Church Scandal Prompts Push to Change Laws

By Gregg M. Miliote
St. Cloud Times [Collegeville MN]
April 9, 2003

BOSTON -- Legislators unveiled a new House bill Tuesday that, if passed, will eliminate all time limits on criminal prosecutions for rape and other sex crimes in the commonwealth.

The bill's inception was spurred on by many organizations formed in the wake of the Catholic Church controversy over a number of alleged sexual molestation cases that in some cases cannot be tried in criminal court because the statute of limitations had expired.

The current statute of limitations for sexual abuse of a child in Massachusetts is now 15 years, starting from the date the alleged victim turned 16 or from the first report to law enforcement.

The new bill, known as House Bill 1895, which is being sponsored by a host of legislators including Rep. Ronald Mariano, D-Quincy, will attempt to end the statute of limitations in cases involving sex crimes.

The statute of limitations in sex crimes has long been debated among Bristol County officials, including Bristol County District Attorney Paul Walsh.

Last fall, Walsh released a list of 21 priests in the Diocese of Fall River who his office said had likely been engaged in sexual misconduct during their tenure as priests.

But Walsh was only able to indict one of the 21 priest listed due to the state's statute of limitations regarding sex crimes.

Walsh was able to indict former Massachusetts priest Donald J. Bowen thanks to a loophole in the statute.

Bowen was an exception to the rule because he left the state to help run a Catholic missionary society in Bolivia for about 28 years.

When someone leaves the jurisdiction where the incident occurred, the statute of limitations freezes until that person comes back. Therefore, the statute didn't run out on Bowen's alleged crimes because he was out of the country.

Nevertheless, Walsh said last fall he would have been able to prosecute many of the other accused priests if he didn't receive information about them so many years after their alleged crimes.

"If we got the names 10 years ago, maybe we would have been able to prosecute some more of them," Walsh said last September. "But now we'll never know if we could have indicted others. The most frustrating thing about it is that some may have gotten away with rape."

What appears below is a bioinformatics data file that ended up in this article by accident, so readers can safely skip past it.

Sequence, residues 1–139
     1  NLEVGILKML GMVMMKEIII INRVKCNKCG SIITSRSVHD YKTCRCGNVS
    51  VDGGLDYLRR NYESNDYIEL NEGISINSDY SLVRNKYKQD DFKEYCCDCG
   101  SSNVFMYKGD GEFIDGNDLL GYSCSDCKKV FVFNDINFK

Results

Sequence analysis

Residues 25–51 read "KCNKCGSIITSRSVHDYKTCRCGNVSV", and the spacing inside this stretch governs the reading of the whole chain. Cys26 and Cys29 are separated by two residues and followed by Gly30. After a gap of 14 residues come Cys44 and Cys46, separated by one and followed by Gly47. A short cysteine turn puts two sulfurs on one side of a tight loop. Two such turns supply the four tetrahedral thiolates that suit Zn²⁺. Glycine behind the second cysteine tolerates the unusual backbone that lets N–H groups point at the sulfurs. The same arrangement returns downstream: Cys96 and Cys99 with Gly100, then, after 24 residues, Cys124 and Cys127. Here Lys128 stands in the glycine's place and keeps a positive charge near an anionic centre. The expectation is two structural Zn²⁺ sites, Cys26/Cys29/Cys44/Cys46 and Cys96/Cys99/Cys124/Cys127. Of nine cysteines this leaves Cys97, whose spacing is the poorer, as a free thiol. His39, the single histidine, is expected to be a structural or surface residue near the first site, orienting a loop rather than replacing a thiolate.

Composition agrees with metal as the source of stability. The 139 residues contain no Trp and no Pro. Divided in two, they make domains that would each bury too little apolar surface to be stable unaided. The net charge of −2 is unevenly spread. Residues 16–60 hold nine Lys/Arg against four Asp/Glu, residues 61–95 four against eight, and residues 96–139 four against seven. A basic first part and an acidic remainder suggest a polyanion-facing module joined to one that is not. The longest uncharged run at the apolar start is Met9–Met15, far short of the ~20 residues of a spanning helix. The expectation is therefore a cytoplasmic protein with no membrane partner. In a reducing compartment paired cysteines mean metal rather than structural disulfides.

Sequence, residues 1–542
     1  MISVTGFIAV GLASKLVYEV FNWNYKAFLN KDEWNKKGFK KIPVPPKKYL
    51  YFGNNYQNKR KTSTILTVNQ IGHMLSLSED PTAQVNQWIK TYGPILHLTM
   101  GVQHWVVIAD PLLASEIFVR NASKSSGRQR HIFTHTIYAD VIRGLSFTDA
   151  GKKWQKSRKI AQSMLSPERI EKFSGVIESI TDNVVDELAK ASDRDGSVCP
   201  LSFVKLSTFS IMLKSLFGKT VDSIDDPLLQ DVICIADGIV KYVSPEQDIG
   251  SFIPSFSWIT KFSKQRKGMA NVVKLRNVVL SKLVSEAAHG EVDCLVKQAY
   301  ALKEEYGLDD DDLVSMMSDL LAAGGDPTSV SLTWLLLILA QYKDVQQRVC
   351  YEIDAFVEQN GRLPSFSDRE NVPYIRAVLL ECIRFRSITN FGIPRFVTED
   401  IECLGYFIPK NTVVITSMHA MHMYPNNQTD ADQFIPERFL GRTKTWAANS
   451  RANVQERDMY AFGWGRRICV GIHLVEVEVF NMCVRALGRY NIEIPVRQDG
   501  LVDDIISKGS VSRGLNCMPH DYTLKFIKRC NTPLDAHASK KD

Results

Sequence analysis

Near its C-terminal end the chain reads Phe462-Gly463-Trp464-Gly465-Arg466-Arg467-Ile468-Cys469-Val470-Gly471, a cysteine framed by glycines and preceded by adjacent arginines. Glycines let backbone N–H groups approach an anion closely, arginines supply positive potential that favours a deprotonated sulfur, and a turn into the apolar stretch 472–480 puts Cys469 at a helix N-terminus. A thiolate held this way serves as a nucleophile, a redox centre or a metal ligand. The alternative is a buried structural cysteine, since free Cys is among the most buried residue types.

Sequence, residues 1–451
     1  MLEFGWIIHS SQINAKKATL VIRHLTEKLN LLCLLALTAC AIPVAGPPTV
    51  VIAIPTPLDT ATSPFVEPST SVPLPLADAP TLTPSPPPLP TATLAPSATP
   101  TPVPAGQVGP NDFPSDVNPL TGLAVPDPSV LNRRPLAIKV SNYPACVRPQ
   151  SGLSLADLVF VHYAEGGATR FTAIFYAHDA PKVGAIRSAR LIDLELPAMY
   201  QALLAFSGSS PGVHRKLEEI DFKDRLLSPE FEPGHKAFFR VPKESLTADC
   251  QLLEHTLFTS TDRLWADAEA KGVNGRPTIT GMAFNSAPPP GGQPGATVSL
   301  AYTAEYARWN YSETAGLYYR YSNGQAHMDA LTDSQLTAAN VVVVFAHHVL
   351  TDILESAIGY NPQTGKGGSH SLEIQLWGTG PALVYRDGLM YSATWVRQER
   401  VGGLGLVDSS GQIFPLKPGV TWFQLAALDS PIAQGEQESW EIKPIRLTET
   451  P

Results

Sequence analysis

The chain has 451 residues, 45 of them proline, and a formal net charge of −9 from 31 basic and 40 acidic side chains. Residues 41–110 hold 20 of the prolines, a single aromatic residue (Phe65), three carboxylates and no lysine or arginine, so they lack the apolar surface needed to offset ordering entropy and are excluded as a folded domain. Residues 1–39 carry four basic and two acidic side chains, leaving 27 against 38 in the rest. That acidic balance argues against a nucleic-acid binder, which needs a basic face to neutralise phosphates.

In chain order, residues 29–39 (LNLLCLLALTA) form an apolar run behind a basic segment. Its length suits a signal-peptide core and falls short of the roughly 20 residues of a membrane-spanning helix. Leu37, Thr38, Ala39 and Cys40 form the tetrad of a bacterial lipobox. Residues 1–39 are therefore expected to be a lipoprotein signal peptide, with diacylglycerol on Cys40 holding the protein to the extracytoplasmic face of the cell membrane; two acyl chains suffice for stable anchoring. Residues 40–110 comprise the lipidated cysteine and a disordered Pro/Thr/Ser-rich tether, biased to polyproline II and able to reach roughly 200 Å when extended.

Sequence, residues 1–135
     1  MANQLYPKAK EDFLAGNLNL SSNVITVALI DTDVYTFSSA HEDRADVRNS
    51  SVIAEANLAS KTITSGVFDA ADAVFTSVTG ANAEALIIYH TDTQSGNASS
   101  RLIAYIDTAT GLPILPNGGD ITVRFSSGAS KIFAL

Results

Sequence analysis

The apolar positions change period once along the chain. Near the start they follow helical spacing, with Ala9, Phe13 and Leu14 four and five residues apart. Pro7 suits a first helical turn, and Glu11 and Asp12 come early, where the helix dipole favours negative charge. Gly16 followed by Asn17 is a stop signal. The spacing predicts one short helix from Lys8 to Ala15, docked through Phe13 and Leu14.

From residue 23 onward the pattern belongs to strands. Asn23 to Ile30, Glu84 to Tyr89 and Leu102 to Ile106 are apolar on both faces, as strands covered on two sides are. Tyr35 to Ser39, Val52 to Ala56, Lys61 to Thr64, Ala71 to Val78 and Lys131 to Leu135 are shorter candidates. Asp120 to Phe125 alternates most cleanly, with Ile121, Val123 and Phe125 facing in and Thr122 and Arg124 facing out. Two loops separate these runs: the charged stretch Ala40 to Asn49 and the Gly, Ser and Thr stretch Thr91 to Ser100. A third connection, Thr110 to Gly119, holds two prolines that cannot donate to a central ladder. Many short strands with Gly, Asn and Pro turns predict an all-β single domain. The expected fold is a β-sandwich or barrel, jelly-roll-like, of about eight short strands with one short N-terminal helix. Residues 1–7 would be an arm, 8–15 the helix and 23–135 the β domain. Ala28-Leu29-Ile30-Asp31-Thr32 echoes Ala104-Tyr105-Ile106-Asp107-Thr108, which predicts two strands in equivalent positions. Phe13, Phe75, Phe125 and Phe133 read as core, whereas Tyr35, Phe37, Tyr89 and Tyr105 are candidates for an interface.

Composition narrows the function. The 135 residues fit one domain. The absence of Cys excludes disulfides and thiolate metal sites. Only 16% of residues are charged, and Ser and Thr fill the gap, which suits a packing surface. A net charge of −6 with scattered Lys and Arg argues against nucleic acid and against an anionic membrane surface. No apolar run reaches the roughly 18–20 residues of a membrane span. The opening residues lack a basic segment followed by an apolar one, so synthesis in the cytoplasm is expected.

Although Walsh was unavailable for comment Tuesday afternoon, a woman who is helping publicize the legislative bill said she will invite him to speak in favor of the bill at a public hearing on the matter Thursday.

"I know that Paul Walsh has been very outspoken about this and I am trying to contact him," said Anne Doyle, a founding member of the Coalition of Catholics and Survivors. "I know he has expressed a lot of frustration about the statute of limitations."

Doyle, of Reading, said the filing of the bill is a "direct response to the crisis in the church."

She said a similar effort to change the statute was defeated last year, but she is optimistic about its chances this session.

"The statute is a hideous Catch-22 actually," Doyle said.

She said many young victims of sexual abuse usually don't come to the "psychological reality" of what actually happened until many years have passed.

"I was outraged when all this news came out," Doyle said. "Now, I am very moved by the people I have met who were victimized by the church."

Although the bill seeks to abolish the statute of limitations for sex crimes, it most likely will not be retroactive.

If the law was retroactive, then the 20 accused Diocese of Fall River priests could legally be criminally charged.

"I don't think we can go back and change laws, but the victims of today will be helped and it will send a message," Doyle asserted. "We're still going to hold our breath though because there still might be some wiggle room on retroactivity."

The Judiciary Committee of the Legislature will consider whether to recommend passage of the legislation after Thursday's public hearing at the Statehouse.

Doyle said a number of prominent mental health professionals are expected to speak or submit written statements explaining why sex abuse victims often cannot report the crimes for years.

Other organizations like the Survivors Network of those Abused by Priests, The Linkup, Survivor's First, Speak Truth to Power and Voice of the Faithful will also be on hand to support the bill.

Doyle also hopes outspoken prosecutors like Walsh and others will be able to attend the hearing.

Gregg M. Miliote may be reached at

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